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Comemorative and celebratory events of recent years marked two watershed moments in African-American history, namely, the 150th anniversary of the Emancipation Proclamation and the 50th anniversary of the Civil Rights movement. During the last week of his eight-year term in office, President Barack Obama designated downtown Birmingham, Alabama, as a Civil Rights National Monument to recognize the city's historic role as a center for organized, arduous social change. Only months earlier, the president opened the National Museum of African American History and Culture on the National Mall. Wishing to contextualize the experiences of African slaves in the United States, the museum's curators sought to acquire a house in which slaves had lived. On Edisto Island, South Carolina, they found a small, one-room house, the only one remaining of what had been a complex of slave houses on a large cotton plantation. The house had been occupied into the 1980s. It was carefully dismantled, transported to Washington, and re-assembled in the new museum as part of a permanent exhibit on slavery and freedom.1 The museum's director, Lonnie Bunch, has declared that the cabin is a "jewel in the crown" of their collections.2 [End Page 22]

Interest in studying and preserving slave housing seems to have increased recently, in part due to the efforts of Joseph McGill's Slave Dwelling Project, whose mission is to identify and assist property owners in the preservation of extant slave dwellings.3 McGill's strategy for raising awareness toward this goal is to spend the night in slave houses, often partnering with local historical societies, student groups, and other preservation-minded organizations. His work has resulted in an annual Slave Dwelling Project Conference, where historians, architects, archaeologists, and others gather to discuss preservation and fundraising ideas. These efforts generally remain centered in South Carolina, where McGill is based, and adjoining Atlantic states. In fact, much of the literature on slave houses and plantation architecture has originated in this region, a trend due possibly to the long tradition of historical preservation and architecture there. The Virginia Slave Housing project is one such expanding archive of slave housing and associated documentation.4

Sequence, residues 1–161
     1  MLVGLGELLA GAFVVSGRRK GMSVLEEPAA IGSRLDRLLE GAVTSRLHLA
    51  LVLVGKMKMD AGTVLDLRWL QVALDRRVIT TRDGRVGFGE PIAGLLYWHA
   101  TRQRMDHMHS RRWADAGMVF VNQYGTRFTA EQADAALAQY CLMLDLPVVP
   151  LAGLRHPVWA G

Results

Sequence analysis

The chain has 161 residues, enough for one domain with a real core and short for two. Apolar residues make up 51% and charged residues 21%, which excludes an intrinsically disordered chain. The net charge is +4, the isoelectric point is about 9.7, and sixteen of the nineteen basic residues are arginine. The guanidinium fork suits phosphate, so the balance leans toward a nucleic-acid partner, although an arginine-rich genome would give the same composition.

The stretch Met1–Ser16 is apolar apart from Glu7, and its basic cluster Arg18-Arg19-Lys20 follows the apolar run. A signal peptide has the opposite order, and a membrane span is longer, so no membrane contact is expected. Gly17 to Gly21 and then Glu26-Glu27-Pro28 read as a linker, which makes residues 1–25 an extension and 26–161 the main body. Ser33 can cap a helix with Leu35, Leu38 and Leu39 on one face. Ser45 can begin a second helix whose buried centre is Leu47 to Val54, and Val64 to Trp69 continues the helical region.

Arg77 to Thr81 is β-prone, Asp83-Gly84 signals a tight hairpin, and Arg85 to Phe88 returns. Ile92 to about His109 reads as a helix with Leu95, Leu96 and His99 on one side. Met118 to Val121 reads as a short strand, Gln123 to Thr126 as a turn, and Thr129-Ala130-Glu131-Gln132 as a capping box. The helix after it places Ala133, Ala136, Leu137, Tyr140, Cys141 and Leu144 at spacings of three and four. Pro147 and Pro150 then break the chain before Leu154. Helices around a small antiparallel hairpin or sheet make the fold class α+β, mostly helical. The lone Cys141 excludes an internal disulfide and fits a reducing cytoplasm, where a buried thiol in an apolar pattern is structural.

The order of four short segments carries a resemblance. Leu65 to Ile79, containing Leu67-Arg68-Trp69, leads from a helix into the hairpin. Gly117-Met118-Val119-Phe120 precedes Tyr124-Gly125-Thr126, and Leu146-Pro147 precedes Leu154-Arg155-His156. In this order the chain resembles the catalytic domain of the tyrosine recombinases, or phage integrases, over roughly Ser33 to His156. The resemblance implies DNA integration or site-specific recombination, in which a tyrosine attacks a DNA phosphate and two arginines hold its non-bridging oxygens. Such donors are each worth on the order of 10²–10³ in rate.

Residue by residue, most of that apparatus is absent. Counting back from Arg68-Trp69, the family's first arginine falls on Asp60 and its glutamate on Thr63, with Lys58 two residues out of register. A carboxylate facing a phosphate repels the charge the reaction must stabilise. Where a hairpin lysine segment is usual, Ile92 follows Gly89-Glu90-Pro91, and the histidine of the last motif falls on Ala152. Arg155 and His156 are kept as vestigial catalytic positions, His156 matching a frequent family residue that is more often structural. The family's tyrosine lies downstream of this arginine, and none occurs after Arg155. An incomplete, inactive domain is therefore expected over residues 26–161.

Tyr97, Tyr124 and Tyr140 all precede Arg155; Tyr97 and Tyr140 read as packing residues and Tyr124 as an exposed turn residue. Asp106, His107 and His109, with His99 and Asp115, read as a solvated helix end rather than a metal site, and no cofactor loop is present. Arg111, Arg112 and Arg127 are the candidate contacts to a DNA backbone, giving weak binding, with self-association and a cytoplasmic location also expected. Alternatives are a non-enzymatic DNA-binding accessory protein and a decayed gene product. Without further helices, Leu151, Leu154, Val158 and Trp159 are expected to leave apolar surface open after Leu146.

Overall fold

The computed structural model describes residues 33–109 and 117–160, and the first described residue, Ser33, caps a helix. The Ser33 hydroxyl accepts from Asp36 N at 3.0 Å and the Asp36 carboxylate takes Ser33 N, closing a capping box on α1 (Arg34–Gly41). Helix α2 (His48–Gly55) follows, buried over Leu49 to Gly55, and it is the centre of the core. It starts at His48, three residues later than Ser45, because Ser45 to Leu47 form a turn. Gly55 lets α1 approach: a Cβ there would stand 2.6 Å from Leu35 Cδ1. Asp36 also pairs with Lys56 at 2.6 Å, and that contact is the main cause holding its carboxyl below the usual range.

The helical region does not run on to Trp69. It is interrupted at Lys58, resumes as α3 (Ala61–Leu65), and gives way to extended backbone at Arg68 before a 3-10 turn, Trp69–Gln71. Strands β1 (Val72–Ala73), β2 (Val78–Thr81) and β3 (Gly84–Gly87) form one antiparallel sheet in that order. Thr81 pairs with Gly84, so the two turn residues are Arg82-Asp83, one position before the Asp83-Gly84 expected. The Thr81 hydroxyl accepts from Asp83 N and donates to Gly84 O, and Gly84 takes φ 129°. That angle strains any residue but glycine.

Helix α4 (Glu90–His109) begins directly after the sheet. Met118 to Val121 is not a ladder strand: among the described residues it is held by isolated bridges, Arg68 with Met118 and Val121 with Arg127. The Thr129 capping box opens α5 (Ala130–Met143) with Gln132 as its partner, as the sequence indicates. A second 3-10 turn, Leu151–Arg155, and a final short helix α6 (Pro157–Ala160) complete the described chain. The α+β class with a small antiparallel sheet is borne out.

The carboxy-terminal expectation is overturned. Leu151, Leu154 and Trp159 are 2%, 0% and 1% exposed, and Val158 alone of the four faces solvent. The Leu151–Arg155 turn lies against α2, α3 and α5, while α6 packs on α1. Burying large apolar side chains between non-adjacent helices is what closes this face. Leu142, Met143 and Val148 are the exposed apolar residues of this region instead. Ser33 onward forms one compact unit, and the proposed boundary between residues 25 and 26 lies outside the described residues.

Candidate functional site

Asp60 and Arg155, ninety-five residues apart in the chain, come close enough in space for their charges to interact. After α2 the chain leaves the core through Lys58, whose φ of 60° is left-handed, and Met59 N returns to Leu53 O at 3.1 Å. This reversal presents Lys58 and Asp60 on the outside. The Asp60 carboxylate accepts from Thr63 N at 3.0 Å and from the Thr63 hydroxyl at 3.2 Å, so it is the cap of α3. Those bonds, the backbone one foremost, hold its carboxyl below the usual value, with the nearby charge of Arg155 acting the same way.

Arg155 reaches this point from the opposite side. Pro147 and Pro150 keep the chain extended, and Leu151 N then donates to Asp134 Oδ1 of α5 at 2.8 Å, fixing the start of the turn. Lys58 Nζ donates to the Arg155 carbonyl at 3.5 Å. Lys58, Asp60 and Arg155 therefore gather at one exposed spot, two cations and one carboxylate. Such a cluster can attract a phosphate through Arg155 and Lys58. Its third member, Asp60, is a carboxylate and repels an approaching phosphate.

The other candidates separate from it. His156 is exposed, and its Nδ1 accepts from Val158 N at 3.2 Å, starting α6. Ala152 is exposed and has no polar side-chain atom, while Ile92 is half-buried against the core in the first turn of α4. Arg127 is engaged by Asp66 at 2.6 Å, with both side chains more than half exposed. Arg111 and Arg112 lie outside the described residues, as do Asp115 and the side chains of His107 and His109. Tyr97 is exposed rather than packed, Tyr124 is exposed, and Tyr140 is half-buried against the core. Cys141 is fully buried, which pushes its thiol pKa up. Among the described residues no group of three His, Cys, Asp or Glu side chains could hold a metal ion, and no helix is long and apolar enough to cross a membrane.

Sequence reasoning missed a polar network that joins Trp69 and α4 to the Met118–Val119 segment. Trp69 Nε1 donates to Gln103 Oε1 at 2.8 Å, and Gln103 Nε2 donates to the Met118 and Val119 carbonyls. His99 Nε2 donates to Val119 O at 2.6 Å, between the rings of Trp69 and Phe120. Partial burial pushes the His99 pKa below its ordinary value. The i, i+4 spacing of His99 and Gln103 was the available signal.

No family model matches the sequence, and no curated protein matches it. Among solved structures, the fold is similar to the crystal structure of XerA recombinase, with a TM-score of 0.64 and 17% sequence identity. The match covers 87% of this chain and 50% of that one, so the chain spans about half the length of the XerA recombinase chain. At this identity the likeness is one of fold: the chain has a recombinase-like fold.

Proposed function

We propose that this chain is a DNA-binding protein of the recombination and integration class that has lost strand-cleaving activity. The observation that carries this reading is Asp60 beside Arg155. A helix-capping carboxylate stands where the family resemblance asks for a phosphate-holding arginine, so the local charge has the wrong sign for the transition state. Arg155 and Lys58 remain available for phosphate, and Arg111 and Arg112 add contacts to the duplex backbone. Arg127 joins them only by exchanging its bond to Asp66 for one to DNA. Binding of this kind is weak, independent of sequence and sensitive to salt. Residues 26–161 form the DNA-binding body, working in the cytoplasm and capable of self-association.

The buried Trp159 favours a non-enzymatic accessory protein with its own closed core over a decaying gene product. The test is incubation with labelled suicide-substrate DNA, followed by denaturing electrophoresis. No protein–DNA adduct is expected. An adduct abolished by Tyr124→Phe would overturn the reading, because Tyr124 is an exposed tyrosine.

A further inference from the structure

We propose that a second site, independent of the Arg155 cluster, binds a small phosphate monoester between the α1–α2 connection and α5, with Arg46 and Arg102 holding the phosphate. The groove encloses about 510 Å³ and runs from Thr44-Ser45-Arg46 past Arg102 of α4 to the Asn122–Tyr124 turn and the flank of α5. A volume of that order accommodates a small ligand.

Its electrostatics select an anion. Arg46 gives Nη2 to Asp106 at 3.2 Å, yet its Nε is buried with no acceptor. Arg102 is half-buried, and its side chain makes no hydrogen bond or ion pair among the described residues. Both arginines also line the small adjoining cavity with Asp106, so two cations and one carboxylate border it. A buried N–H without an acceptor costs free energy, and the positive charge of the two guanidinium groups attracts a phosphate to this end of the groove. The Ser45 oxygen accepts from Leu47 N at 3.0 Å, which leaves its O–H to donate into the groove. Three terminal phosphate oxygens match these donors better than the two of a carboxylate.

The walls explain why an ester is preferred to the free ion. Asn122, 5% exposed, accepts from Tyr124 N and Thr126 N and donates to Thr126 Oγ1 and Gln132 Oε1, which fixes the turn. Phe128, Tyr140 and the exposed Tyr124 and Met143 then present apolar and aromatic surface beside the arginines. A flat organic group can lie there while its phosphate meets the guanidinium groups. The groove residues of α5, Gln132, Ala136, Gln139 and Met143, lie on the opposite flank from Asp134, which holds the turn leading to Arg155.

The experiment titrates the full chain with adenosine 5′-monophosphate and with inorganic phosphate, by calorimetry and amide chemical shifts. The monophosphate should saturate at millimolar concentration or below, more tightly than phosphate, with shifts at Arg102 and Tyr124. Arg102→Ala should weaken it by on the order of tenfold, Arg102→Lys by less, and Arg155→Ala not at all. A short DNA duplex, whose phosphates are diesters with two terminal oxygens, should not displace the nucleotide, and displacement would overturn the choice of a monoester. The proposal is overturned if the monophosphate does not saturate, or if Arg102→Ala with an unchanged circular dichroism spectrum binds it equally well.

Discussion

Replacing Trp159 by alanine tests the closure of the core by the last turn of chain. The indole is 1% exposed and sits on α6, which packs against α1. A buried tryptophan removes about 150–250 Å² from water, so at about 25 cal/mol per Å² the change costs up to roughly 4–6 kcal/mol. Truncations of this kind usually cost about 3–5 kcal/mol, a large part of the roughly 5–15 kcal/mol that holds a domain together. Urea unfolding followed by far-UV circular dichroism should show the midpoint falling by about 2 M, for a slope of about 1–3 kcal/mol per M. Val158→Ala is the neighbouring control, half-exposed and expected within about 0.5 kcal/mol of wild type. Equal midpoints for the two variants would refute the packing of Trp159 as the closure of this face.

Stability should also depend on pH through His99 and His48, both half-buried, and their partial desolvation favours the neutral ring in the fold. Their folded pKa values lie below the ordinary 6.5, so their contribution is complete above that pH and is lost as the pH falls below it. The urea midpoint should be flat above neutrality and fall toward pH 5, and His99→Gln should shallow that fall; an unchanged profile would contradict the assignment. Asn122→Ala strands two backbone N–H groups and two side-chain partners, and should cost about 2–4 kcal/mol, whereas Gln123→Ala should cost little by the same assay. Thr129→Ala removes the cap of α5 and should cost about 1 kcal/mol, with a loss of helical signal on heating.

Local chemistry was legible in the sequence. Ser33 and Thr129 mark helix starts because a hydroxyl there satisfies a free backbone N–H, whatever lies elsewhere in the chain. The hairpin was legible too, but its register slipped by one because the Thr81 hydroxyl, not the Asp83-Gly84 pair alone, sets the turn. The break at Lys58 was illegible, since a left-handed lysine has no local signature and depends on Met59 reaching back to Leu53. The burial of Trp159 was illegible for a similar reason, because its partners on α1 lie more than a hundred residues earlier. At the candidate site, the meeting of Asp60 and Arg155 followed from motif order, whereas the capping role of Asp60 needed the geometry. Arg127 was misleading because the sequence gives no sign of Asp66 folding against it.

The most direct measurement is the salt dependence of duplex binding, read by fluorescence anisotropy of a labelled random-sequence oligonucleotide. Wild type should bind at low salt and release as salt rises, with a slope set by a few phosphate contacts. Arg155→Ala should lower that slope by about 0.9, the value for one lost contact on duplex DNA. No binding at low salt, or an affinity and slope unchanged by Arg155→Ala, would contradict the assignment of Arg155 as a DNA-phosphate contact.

In Alabama, nineteenth-century structures, both formal and vernacular, have received uneven scholarly treatment. Robert Gamble's guide to the state's architecture draws from the Historic American Buildings Survey (HABS) collection of photographs and records and remains a most useful, comprehensive introduction to the subject, while Eugene M. Wilson's study of Alabama vernacular structures was formative.5 Other volumes approach Alabama's built history from the perspective of architecture as art or that of the sentimental romantic, without intent of focused study on specific folk forms.6 With regard to slave houses, the lack of attention is understandable: they have neither grand scale nor grand histories. At a glance, one might say [End Page 23] that they all look the same, and, in truth, they simply are not as visible as the white-columned houses in whose shadows they often rest. This apparent bland sameness, however, makes them an ideal form of study for the archaeologist, who is trained to collect data on mounds of seemingly redundant material cultural, often in the form of fragmented pots or rocks. These anthropologists of the past record information about every distinguishing characteristic, or attribute, of an artifact. When data on the attributes of many similar artifacts are compiled and analyzed, what was once mundane or of limited explanatory value by itself exposes broad patterns about culture.

Slave houses are artifacts. Their attributes can be recorded, analyzed, and broad patterns about their historical context, their builders, and inhabitants revealed. The methods of construction, for instance, often indicate climate, economy, and available technology. Ethnographic and archaeological studies demonstrate that houses, yards, and landscapes reflect cultural values and social relationships and changes to these.7 The organization of labor may be inferred from the placement of houses in relation to one another and to non-domestic buildings. Houses, too...

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